No Food, No Water, Two Deaths: How A Mental Rehabilitation Centre Survived The Floods
With no food supply, the staff at the retreat centre found it hard to keep up with the medical requirements as most medicines are administered with food.
The rehabilitation centre remained cut-off for three days.
Thrissur: It was a usual day at the Divine Retreat Centre in Muringoor, Kerala on 14th August till floodwater started inundating the centre around evening. The retreat that houses a common space, rehabilitation centres for alcoholics, addicts and mentally challenged patients and a huge garden in its premises, was flooded in no time.
The institute, which calls itself the largest Catholic retreat centre in the world, had about 380 patients stranded in its mental rehabilitation centre along with 22 staff members. Further, it had about 50 odd patients in its centre for alcoholics and addicts. “We knew we were doomed,” said Father Jenson, who heads the centres.
The rehabilitation centres are about a kilometer away from the head office of Divine, from where it gets it food and water every day. Breakfast, lunch, dinner and snacks in between are transported from the head office at particular timings each day. The rehabilitation centres do not have a kitchen of their own.
When the centres started getting flooded on August 14, it hardly had enough food for its patients. The facility was running out of water supplies too. Nobody could venture out for help, owing to rushing flood waters.
At the centre for mentally-challenged, most of them did not know what was happening. “I remember the patients just gazing out into nothing. They didn’t realise what was happening,” said Sister Lilly, who was among the staff members stuck with the 380 patients.
There was, however, one thing that all patients realised-there was no food. Lilly looked back at the time when all patients would come to her and her colleagues asking for food. “They are used to hearing the sound of the vehicle from the head office at least three times a day. When they hear the horn, they know they would be fed soon,” she added. But since they had not heard the sound of the vehicle, they started getting anxious.
By the 15th, the first floor of the facility was flooded. The staff members shifted the patients to second floor and then started the web of lies. “We would be asked for food, and we’d keep telling them its coming. We lied through our teeth; there was nothing else we could do,” Sister Lilly said.
Most of the medicines are administered to the patients via food. With no food supply, the staff at the retreat centre found it hard to keep up with the medical requirements. “We had medicines but no food,” she added.
As time passed and water continued to flood the centre, Sister Lilly remembered two items that the centre had in its possession-about 300 grams of cashews and a bottle of gooseberry(amla) pickle.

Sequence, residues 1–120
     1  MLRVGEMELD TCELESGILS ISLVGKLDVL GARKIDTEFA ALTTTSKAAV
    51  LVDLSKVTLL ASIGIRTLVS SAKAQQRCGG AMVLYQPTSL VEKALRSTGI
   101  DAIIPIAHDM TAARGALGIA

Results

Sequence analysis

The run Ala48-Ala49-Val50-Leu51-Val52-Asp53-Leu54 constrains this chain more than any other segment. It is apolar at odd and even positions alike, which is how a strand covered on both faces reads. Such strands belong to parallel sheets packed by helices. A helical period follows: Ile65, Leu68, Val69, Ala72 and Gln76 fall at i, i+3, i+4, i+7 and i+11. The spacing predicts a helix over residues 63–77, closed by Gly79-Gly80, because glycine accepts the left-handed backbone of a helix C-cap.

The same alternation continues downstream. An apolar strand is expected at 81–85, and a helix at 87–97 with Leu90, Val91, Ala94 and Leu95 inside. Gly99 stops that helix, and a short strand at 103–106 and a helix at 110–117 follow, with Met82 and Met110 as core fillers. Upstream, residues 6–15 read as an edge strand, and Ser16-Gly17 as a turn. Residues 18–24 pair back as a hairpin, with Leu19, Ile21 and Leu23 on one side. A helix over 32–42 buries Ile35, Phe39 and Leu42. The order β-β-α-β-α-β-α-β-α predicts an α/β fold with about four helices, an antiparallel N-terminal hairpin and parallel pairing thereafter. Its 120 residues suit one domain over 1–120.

“We fed them those cashews, at times cutting one into half. The patients would line up with their plates for it. If they asked for more, we’d tell them that their brothers and sisters would not have any if they had more than half of the cashew,” remembered Sister Lilly. The gooseberry, too, was cut like that.
“We administered the basic medicine (to keep them calm) in those halves that we fed the patients,” she said. Each patient was given a teaspoon of water to drink and Lilly remembered how the patients would lick their plate clean.
Next day, the staff at the mental facility suffered a blow. One of the patients had died. His condition had been critical for want of food and water, but his death was not expected. “We somehow managed to get his body out from the sight of the other patients before things went out of hand,” Sister Lilly added.
Her colleagues helped her take the body down to the first floor, where they placed it on a table which was relatively dry. While they believed the death to be the end of their trouble, the next day on 17th, they lost another inmate. A few hours later, the first rescue team came from the Divine centre office with food and water.
“Those three days were harrowing. I remember the inmates looking out and telling us someone was plucking a coconut or tapioca from a tree in the compound but near to the facility for addicts (which is about 10 metres from the mental centre). They would shout and tell us that there was food but it was not being shared,” she added.
“There was no way for us to get any help. Many people tried but in vain,” Father Jenson further said. Once the flood waters had receded, Lilly got the inmates out of the facility, as an attempt to show them the situation. With the trees destroyed and the ground full of muck, the patients kept asking what had happened to the centre. “What was I supposed to tell them?” Lilly sighed.
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